Germany to abandon airport testing and reimpose quarantine

Germany is expected to announce this week that it will replace Covid-19 testing at airports for passengers from high-risk countries with a mandatory quarantine period of up to 14 days, prompting dismay from airline representatives.

Germany is expected to announce this week that it will replace Covid-19 testing at airports for passengers from high-risk countries with a mandatory quarantine period of up to 14 days, prompting dismay from airline representatives.

A spokesperson for the German health ministry confirmed to Cirium that federal health minister Jens Spahn had agreed with his counterparts at state level that “long-term” quarantine restrictions should be reintroduced after the summer.

“Testing obligations were necessary to control return traffic and prevent returnees from staying in quarantine for a long time,” says the spokesperson. “With the end of the summer holiday season we return to long-term quarantine rules.”

German chancellor Angela Merkel is expected to announce a final decision on the matter on 27 August.

Frankfurt-airport

Source: Shutterstock

German aviation industry association BDL has described the plan to discontinue Covid-19 testing at airports as a “bitter setback”, and is calling on the government to reconsider.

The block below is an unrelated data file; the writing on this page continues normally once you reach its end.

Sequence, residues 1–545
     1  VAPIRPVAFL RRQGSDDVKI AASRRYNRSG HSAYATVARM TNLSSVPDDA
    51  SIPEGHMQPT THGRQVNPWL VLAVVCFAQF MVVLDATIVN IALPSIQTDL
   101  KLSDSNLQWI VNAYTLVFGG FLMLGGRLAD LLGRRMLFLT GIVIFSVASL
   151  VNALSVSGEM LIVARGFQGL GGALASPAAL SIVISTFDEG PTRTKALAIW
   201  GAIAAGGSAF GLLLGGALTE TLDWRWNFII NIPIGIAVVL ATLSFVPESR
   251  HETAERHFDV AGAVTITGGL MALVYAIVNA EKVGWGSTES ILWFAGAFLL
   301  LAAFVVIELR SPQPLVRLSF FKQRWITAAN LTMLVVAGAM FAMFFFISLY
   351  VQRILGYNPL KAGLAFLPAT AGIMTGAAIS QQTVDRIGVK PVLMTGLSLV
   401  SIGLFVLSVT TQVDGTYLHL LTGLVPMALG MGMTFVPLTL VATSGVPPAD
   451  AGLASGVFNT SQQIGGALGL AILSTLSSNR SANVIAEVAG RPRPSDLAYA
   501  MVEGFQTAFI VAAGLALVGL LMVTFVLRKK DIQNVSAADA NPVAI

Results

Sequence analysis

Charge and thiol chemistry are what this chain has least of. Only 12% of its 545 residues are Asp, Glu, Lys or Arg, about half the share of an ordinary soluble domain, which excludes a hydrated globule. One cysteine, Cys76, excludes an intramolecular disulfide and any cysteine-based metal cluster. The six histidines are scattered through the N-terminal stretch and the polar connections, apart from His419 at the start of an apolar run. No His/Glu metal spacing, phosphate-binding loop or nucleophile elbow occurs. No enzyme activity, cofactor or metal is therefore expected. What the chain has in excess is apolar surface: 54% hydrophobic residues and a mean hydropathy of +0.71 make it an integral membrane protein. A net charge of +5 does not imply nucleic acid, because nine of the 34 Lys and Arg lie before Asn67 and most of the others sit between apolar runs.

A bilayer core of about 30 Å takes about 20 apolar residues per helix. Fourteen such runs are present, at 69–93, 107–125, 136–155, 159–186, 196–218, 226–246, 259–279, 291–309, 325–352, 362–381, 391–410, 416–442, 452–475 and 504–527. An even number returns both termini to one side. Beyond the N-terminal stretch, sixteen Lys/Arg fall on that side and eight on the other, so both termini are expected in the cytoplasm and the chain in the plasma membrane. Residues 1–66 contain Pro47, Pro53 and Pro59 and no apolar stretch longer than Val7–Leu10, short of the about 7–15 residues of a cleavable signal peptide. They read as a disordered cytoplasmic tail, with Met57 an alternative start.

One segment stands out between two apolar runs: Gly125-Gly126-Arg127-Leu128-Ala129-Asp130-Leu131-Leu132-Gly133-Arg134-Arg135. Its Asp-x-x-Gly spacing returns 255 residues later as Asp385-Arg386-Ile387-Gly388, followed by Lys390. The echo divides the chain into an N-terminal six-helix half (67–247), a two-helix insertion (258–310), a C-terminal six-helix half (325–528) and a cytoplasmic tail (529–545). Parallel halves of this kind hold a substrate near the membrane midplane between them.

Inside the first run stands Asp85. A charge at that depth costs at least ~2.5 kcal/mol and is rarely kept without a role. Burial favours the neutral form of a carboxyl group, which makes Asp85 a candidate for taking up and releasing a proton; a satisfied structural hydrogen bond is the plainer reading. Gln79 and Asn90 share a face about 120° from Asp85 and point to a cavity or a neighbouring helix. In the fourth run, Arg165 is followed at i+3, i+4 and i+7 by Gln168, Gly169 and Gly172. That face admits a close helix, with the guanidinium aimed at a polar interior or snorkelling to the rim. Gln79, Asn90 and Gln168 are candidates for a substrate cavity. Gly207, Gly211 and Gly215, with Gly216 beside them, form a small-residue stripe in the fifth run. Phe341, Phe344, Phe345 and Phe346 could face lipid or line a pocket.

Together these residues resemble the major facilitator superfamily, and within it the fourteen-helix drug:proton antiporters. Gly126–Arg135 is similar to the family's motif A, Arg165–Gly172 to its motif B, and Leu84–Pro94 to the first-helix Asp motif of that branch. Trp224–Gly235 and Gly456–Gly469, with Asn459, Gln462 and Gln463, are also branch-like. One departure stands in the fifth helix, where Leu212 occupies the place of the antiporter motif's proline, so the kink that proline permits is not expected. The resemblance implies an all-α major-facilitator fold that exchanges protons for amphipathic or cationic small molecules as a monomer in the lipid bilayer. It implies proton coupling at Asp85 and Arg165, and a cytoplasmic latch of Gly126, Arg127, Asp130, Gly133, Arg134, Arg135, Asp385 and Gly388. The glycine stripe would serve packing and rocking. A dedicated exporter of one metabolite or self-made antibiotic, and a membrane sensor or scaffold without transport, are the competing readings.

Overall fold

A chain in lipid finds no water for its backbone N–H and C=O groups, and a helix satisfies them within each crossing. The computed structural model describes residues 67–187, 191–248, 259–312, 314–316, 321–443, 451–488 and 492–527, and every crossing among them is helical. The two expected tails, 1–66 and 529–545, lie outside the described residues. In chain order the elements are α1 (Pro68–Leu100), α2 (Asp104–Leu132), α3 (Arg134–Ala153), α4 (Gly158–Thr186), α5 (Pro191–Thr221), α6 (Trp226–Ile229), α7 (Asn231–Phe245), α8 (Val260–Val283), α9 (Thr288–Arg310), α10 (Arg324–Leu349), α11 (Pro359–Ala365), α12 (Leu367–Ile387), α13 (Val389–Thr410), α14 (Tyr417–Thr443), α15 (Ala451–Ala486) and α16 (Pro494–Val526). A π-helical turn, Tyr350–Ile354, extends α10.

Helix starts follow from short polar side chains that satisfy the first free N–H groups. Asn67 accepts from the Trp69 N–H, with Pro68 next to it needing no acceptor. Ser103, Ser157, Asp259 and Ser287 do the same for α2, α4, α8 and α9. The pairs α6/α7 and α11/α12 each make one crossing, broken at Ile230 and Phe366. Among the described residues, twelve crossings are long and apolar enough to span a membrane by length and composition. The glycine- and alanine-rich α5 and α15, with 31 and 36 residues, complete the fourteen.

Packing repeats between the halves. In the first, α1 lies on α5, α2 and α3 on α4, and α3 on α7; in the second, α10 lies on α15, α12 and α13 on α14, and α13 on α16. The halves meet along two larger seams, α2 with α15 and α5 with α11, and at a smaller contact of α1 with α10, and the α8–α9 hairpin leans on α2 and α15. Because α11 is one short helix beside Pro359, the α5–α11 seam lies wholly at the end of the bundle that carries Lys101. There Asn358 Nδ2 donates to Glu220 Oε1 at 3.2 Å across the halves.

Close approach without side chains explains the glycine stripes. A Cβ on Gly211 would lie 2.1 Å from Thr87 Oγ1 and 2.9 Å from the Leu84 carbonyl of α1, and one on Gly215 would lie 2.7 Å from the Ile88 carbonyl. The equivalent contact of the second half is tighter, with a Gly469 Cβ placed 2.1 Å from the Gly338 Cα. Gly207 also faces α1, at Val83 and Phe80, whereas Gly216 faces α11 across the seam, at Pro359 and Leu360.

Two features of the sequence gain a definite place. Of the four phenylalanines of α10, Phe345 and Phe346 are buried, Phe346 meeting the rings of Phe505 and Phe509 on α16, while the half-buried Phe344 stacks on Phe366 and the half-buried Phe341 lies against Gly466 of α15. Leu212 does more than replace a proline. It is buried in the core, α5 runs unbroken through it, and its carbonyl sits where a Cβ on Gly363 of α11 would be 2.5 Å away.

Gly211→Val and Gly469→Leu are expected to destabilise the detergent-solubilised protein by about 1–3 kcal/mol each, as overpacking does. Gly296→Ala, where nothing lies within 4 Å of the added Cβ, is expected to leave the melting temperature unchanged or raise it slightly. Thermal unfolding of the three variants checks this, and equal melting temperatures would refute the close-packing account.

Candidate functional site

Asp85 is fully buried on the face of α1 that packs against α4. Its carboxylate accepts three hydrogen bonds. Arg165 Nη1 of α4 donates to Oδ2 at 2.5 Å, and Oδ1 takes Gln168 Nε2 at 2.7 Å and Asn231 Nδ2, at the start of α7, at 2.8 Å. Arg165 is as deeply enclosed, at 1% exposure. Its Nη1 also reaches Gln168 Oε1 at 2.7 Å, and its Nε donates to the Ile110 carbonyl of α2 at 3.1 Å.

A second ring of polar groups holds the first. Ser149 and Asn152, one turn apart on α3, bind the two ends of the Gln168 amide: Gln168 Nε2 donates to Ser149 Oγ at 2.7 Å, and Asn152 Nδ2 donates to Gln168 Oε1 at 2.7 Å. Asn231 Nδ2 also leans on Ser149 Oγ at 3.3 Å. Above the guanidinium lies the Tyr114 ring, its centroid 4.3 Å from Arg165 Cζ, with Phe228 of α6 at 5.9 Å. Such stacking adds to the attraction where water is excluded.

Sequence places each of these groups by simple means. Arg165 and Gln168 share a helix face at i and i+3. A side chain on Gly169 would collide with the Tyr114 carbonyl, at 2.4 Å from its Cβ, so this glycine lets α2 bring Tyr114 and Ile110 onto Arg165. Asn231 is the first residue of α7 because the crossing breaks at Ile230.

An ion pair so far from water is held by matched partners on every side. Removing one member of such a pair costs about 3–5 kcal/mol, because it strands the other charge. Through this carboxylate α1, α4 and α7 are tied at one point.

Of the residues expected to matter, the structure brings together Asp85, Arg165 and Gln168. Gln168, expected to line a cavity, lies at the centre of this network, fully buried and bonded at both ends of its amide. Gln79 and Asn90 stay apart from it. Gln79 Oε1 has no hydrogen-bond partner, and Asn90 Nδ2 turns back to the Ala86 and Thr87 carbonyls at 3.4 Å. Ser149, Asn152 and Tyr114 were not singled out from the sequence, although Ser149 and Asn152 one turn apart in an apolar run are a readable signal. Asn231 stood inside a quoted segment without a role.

“A blanket quarantine obligation is de facto a travel restriction that brings air traffic to a standstill,” argues BDL, adding that the measure will result in 80% of destinations outside Germany being “blocked by blanket, disproportionate quarantine regulations”.

The association wants politicians to “find ways to use the available testing capacity more efficiently”, and says that “dismantling the test infrastructure would be completely the wrong way to go”.

In a policy brief issued on 25 August, German carrier Lufthansa lamented the “global patchwork of travel bans, testing and quarantine restrictions” and reiterated its call for Europe and the USA to adopt a joint Covid-19 testing programme to enable transatlantic passenger flights to resume.

Lufthansa made the request in July alongside American Airlines, IAG and United Airlines. Chief executives of the four carriers wrote a joint letter to US vice-president Mike Pence and European home-affairs commissioner Ylva Johansson, urging them to consider the option.

“A transatlantic pilot project offers great opportunities,” writes Lufthansa in its policy brief. “In addition to existing health-protection measures, mandatory negative Covid-19 tests that are not older than 48 hours and can be repeated upon arrival could be bilaterally recognised as an exception to the entry ban.

“In addition, individual pilot airports can be defined, at which travel restrictions are relaxed in the first phase in order to gain further experience.”